O-GlcNAcylation has gradually been recognized as a critically important protein post-translational modification in mammalian cells. Besides regulation of gene expression, its crosstalk with protein phosphorylation is vital for cell signaling. Despite its importance, comprehensive analysis of O-GlcNAcylation is extraordinarily challenging due to the low abundances of many O-GlcNAcylated proteins and the complexity of biological samples. Here, we developed a novel chemoenzymatic method based on a wild-type galactosyltransferase and uridine diphosphate galactose (UDP-Gal) for global and site-specific analysis of protein O-GlcNAcylation. This method integrates enzymatic reactions and hydrazide chemistry to enrich O-GlcNAcylated peptides. All reagents used are more easily accessible and cost-effective as compared to the engineered enzyme and click chemistry reagents. Biological triplicate experiments were performed to validate the effectiveness and the reproducibility of this method, and the results are comparable with the previous chemoenzymatic method using the engineered enzyme and click chemistry. Moreover, because of the promiscuity of the galactosyltransferase, 18 unique O-glucosylated peptides were identified on the EGF domain from nine proteins. Considering that effective and approachable methods are critical to advance glycoscience research, the current method without any sample restrictions can be widely applied for global analysis of protein O-GlcNAcylation in different samples.
O-GlcNAc proteins:
SBNO1, CNOT1, SWAHB, P121C, PDLI1, TAF4, RNT2, PODXL, KMT2D, MYPT1, ZN609, SC16A, SET1A, ZN185, TNC18, PRPF3, TPD54, SYNJ1, PLIN3, MAFK, BRD4, N4BP1, ICOSL, ANR17, ZN217, NCOR1, ATRN, TOX4, ERLN2, AGFG2, VAPB, SC24A, SC24B, CNOT4, BAG3, LMNA, GCR, HSPB1, IF2A, K1C18, K2C8, K1C19, ROA1, TACD2, ATX1L, LYAG, PPAL, TPR, K1C13, ZEP1, SDC1, ATF1, CBL, GATA3, ARNT, MAP4, CLIP1, HXC9, NU214, MP2K2, CUX1, PBX2, MLH1, STAT3, LAP2A, KI67, RFX5, SOX2, NU153, RBP2, TAF6, HCFC1, AFF3, AGFG1, ATX1, AF17, DSRAD, FOXA1, NU107, FOXK1, SPTB2, TFAP4, EWS, SP2, KMT2A, IF4G1, NOTC2, TLE3, TLE4, REL, ACK1, LG3BP, AHNK, ARHG5, FOXO1, BPTF, RIPK1, NFYC, CDK13, UBP2L, LAGE3, MDC1, EPN4, RRP1B, NCOA6, GSE1, MEF2D, NUMA1, R3HD1, JHD2C, TRIP6, ELF2, TAB1, ZFHX3, ZYX, ADRM1, TAF9, RFX7, QSER1, QRIC1, TB10B, CRTC2, PRC2B, ZN362, UBAP2, RPRD2, ZN318, TASO2, ARID2, ANR40, BICRL, ABLM2, GRHL2, NIPBL, LIN54, TET2, NFRKB, KCD18, MDEAS, ZC3HE, FIP1, SAS6, MCAF1, BCOR, HAKAI, SPT6H, KDM3B, POGZ, MAVS, EMSY, RAI1, SRGP1, SH3R1, YTHD3, CASZ1, P66A, I2BP1, RB6I2, FOXP4, NAV2, GID4, MGAP, CDAN1, SUGP1, MILK2, NUP93, ZN687, FNBP4, ARFG1, ENAH, PHC3, SP20H, KMT2C, STT3B, DLG5, WIPF2, ZFN2B, LMO7, ATX2L, CSKI2, P66B, SMG7, CBP, SEM4D, FUBP2, LPP, PF21A, INT12, CERS2, GWL, PDLI5, CHAP1, ANCHR, Z512B, ZFR, EP400, RBM14, CIC, MINT, S29A1, DPH2, WAC, DIDO1, HNRL1, YTHD1, CEP44, SP130, I2BPL, FOXP1, WNK1, E41L1, ZHX3, GORS2, PKHA5, RC3H2, TAF9B, NCOA5, TANC2, CELR2, UBN1, PDLI7, RBM12, CARF, TAB2, CNOT2, KANL3, STAP2, TCF20, UBQL2, S30BP, SIX4, TASOR, GMEB2, ZHX1, YETS2, PKCB1, NOTC3, TRI33, SRRM2, CHM2B, SCML2, POLH, R3HD2, ZN281, WNK2, PRC2C, NCOR2, GMEB1, ZHX2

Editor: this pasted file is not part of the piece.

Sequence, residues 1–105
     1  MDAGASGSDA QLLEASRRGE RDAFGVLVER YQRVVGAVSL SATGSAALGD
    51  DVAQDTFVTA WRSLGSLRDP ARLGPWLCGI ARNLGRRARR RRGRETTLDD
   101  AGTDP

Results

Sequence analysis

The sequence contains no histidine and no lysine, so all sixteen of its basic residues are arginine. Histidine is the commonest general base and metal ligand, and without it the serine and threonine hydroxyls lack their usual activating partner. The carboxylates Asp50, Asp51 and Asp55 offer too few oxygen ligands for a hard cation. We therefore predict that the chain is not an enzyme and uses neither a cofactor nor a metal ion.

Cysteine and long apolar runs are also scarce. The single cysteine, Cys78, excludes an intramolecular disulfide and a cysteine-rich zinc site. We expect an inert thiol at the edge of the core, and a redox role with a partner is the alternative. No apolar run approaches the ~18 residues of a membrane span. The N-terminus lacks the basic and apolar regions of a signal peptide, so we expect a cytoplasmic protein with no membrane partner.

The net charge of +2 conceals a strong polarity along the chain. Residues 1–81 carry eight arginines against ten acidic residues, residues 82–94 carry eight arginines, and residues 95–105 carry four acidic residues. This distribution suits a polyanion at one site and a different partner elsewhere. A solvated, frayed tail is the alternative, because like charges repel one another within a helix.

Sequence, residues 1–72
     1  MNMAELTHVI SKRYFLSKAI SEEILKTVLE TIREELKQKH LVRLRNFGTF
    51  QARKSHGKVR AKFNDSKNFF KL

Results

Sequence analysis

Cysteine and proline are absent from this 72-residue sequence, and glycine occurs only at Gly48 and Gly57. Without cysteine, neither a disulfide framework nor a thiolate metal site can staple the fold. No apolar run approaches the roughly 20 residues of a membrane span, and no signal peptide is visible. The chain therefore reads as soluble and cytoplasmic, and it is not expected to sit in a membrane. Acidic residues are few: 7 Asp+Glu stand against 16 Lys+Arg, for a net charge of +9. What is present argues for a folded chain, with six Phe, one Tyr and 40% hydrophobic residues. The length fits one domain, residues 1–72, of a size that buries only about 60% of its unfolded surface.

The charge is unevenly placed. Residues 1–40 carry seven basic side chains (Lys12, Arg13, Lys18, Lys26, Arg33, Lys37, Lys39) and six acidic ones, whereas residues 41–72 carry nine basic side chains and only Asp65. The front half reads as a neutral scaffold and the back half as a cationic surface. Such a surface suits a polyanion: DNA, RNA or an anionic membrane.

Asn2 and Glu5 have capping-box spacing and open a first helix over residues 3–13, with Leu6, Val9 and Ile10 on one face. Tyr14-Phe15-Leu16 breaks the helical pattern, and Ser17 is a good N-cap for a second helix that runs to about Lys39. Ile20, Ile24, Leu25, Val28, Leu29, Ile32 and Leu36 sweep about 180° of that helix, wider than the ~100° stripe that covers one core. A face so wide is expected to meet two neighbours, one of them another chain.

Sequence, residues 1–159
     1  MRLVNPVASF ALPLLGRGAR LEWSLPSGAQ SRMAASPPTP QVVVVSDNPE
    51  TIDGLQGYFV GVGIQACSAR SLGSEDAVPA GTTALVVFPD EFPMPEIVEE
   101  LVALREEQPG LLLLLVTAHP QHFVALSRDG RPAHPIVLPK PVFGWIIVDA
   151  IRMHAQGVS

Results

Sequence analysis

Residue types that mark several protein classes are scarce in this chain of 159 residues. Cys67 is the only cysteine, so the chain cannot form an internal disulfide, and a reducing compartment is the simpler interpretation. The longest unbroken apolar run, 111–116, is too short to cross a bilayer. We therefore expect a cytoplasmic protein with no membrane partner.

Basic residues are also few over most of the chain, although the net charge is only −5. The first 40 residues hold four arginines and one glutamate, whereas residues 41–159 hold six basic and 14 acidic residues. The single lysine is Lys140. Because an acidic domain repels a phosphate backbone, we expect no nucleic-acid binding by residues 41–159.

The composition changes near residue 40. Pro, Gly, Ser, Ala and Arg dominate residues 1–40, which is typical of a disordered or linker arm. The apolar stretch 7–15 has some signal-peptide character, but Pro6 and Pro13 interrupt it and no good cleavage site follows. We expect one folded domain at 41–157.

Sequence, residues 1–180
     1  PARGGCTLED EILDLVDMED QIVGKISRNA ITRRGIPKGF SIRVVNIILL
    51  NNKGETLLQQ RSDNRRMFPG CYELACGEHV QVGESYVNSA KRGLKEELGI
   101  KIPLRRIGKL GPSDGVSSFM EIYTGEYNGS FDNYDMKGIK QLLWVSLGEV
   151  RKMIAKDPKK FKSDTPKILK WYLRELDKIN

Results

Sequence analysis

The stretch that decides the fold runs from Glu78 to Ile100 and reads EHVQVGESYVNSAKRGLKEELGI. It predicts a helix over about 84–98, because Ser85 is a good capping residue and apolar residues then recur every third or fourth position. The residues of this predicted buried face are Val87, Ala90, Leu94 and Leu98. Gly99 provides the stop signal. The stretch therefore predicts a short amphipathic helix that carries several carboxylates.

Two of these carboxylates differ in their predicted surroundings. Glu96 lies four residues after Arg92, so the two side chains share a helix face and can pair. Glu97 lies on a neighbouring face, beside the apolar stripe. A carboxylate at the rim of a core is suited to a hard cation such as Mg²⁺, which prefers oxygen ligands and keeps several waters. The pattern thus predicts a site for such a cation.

Species: Homo sapiens
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Liu Y, Wang X, Zhu T, Zhang N, Wang L, Huang T, Cao Y, Li W, Zhang J. Resistance to bortezomib in breast cancer cells that downregulate Bim through FOXA1 O-GlcNAcylation. Journal of cellular physiology 2019 234(10) 30793308
Abstract:
Bortezomib (BTZ), a well-established proteasome inhibitor used in the clinical therapy, leads the modulation of several biological alterations and in turn induces apoptosis. Although clinical trials with BTZ have shown promising results for some types of cancers, but not for some others, including those of the breast. The molecular basis of BTZ resistance in breast cancer remains elusive. In the present study, we found that cellular O-GlcNAc modification was dramatically elevated by BTZ treatment in intrinsic resistant MCF-7 and T47D cells, but not in sensitive MDA-MB-231 cells. A progressive increase in O-GlcNAcylation characterized the increased acquired resistance of MDA-MB-231-derived cells. We showed that elevated O-GlcNAc subsequently modified breast cancer related pioneer factor FOXA1 and reduced its protein stability. Further, we demonstrated that FOXA1 attenuation was involved in transcriptional downregulation of proapoptotic Bim and thus suppressed breast cancer cell apoptosis. Finally, the combination of O-GlcNAc inhibitor L01 to BTZ sensitized resistant cells. Our results have revealed a new regulatory mechanism that involves O-GlcNAc elevation mediated Bim deficiency, which plays a key role in the apoptotic dysregulation and BTZ resistance in breast cancer cells.
O-GlcNAc proteins:
FOXA1
Species: Homo sapiens
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Liu Y, Huang H, Cao Y, Wu Q, Li W, Zhang J. Suppression of OGT by microRNA24 reduces FOXA1 stability and prevents breast cancer cells invasion. Biochemical and biophysical research communications 2017 487(3) 28455227
Abstract:
O-GlcNAc transferase (OGT) catalyzes the addition of O-GlcNAc to certain serine or threonine residue on a wide variety of cytosolic and nuclear proteins and regulates cellular activities such as signaling and transcription. Although there are emerging evidences that OGT plays important roles in breast cancer metastasis, the underlying mechanism is not fully understood. In this study, we demonstrated that up-regulation of OGT correlates with breast cancer cells invasion. Over-expression of OGT stimulates cells invasion, while OGT silence exhibits the opposite effects. OGT is further identified as a target of microRNA24 (miR24). miR24 down-regulates OGT expression and subsequently suppresses cells invasion. Re-expression of OGT significantly rescues miR24-mediated invasion repression. Furthermore, our data showed that FOXA1 is subjected to O-GlcNAcylation, which instabilizes FOXA1 protein and promotes breast cancer cells invasion. In conclusion, our results demonstrated that miR24 inhibits breast cancer cells invasion by targeting OGT and reducing FOXA1 stability. These results also indicated that OGT might be a potential target for the diagnosis and therapy of breast cancer metastasis.
O-GlcNAc proteins:
FOXA1
Species: Homo sapiens